David Cameron announced today at the British Chambers of Commerce regional summit that he wanted to create an "invigorating climate for enterprise" in the UK. He said that government’s central role should be to provide economic stability. "Success is also about government creating the right infrastructure, particularly in the areas of transport, innovation and education that are so vital to encouraging regional enterprise."
A key aspect of Cameron’s speech was a call for even greater independence for the Bank of England. "People think that with Bank of England independence this issue is done and dusted. It isn’t. Decisions that are crucial to the running of the British economy are still being made by politicians behind closed doors.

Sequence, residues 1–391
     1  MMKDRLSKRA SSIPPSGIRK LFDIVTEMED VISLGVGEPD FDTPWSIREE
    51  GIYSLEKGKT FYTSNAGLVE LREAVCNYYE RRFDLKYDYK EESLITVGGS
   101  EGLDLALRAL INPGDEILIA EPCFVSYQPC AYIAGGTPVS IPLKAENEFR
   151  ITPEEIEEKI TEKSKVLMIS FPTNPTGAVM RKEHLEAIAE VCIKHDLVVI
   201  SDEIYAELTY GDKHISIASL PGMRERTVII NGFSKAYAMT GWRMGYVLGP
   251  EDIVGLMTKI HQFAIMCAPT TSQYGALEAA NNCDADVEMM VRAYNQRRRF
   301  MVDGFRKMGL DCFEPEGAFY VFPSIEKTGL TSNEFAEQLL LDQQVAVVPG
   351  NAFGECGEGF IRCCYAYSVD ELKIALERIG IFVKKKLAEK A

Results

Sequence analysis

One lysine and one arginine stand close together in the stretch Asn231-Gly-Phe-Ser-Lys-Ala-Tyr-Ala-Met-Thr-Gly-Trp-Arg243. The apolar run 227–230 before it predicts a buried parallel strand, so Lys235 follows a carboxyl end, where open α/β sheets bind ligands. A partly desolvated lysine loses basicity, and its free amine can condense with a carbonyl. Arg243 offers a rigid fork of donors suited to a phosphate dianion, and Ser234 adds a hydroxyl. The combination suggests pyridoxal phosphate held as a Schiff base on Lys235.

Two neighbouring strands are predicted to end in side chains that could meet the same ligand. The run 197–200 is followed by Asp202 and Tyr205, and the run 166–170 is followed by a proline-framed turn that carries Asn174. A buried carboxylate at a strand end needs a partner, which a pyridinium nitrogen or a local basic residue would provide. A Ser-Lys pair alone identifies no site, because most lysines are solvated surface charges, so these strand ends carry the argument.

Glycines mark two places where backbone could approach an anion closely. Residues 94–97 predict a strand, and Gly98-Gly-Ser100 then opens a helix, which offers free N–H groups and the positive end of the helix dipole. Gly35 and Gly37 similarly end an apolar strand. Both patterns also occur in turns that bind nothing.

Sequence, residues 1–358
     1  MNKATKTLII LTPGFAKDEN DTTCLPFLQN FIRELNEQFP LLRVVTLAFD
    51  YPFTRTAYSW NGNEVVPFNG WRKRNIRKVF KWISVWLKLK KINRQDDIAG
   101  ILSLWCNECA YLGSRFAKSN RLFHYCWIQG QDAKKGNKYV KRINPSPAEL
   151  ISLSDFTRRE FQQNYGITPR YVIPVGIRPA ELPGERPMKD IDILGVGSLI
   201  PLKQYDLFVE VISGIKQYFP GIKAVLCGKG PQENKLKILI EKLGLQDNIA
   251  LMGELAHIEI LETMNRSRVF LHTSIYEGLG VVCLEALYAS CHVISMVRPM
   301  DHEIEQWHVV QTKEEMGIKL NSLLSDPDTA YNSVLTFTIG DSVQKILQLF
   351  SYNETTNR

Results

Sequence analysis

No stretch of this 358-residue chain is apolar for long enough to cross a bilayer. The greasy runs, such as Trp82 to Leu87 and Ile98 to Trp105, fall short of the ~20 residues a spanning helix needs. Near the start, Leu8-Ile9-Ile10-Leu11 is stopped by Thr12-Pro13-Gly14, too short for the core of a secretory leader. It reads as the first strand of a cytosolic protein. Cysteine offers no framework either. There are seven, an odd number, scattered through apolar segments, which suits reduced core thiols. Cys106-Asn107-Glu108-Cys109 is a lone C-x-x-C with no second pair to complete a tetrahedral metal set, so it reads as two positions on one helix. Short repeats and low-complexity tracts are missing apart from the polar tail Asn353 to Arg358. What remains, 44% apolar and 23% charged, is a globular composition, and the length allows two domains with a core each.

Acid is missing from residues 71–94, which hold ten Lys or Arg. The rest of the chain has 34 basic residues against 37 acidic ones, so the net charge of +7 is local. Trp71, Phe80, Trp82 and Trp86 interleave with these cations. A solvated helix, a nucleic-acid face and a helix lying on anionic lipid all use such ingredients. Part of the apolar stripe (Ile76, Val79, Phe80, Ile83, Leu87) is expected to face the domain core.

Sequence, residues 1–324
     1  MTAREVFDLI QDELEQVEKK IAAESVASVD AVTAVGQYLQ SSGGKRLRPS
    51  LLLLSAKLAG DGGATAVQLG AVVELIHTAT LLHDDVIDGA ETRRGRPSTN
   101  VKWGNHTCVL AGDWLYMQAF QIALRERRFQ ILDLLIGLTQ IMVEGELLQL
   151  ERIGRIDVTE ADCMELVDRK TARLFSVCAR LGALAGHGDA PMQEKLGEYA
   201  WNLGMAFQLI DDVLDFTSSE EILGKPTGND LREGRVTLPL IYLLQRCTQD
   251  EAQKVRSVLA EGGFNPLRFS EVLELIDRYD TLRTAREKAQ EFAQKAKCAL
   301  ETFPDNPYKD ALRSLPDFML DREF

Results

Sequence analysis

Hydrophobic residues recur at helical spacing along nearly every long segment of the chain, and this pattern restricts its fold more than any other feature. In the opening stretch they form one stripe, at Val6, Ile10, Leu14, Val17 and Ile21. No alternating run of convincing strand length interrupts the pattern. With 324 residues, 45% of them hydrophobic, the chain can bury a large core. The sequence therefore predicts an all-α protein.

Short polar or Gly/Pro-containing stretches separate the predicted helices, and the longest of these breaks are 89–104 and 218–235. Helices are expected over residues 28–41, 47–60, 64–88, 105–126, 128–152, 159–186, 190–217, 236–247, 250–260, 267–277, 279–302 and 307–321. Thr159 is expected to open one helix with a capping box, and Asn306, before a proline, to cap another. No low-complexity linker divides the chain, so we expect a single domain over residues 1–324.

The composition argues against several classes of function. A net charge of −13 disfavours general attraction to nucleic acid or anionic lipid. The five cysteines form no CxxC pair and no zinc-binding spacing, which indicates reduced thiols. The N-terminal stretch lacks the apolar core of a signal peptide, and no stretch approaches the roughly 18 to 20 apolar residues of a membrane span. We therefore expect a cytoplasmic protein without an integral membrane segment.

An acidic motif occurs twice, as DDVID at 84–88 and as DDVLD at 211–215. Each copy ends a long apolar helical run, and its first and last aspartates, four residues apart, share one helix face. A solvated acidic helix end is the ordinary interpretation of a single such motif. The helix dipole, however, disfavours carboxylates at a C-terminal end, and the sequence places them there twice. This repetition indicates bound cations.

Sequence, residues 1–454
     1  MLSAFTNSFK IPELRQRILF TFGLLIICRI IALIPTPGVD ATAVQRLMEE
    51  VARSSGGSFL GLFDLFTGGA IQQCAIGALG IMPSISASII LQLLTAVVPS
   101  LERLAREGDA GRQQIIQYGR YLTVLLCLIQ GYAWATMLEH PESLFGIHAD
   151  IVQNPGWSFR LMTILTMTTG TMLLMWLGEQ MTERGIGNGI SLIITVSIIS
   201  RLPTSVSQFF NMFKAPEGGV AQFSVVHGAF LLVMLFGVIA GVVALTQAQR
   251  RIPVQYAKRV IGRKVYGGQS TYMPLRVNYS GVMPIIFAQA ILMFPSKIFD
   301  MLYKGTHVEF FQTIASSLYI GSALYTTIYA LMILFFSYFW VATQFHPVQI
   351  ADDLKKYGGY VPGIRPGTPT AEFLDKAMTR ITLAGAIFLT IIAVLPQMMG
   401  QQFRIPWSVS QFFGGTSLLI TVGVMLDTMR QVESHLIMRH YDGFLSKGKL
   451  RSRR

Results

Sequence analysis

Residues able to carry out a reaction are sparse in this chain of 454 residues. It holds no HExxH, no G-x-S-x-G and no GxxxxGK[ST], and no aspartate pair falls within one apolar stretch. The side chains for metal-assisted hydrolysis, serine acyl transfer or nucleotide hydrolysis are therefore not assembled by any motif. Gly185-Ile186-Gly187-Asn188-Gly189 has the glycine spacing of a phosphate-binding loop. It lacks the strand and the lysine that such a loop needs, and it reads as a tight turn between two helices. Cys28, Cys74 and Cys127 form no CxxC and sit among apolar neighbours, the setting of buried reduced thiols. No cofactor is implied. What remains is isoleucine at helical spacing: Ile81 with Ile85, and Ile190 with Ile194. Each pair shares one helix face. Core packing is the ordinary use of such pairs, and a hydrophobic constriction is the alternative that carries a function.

"The Chancellor retains the right to re-appoint the Governor of the Bank of England. I believe it’s time to have a single, non-renewable fixed term for the Governor to insulate him or her from political pressure.
On red tape and bureaucracy, he said that businesses suffered from "mistrust, second guessing and insulting, pointless, maddening bureaucracy."
Which is all very well. But, having covered this business arena for more years than I’d care to recollect, only one thing is for certain: all oppositions claim that they will reduce red tape. None deliver. We should recall that the non-dom levy, itself another opportunity for officials to flex their muscles, was a Tory idea.
I’m minded to applaud Cameron’s sentiments but, as we discovered ourselves when we interviewed him on his agenda for business a couple of years ago, the details are scanty.
Jury’s still out.
Related storyDavid Cameron interview in Real Business, 2005.
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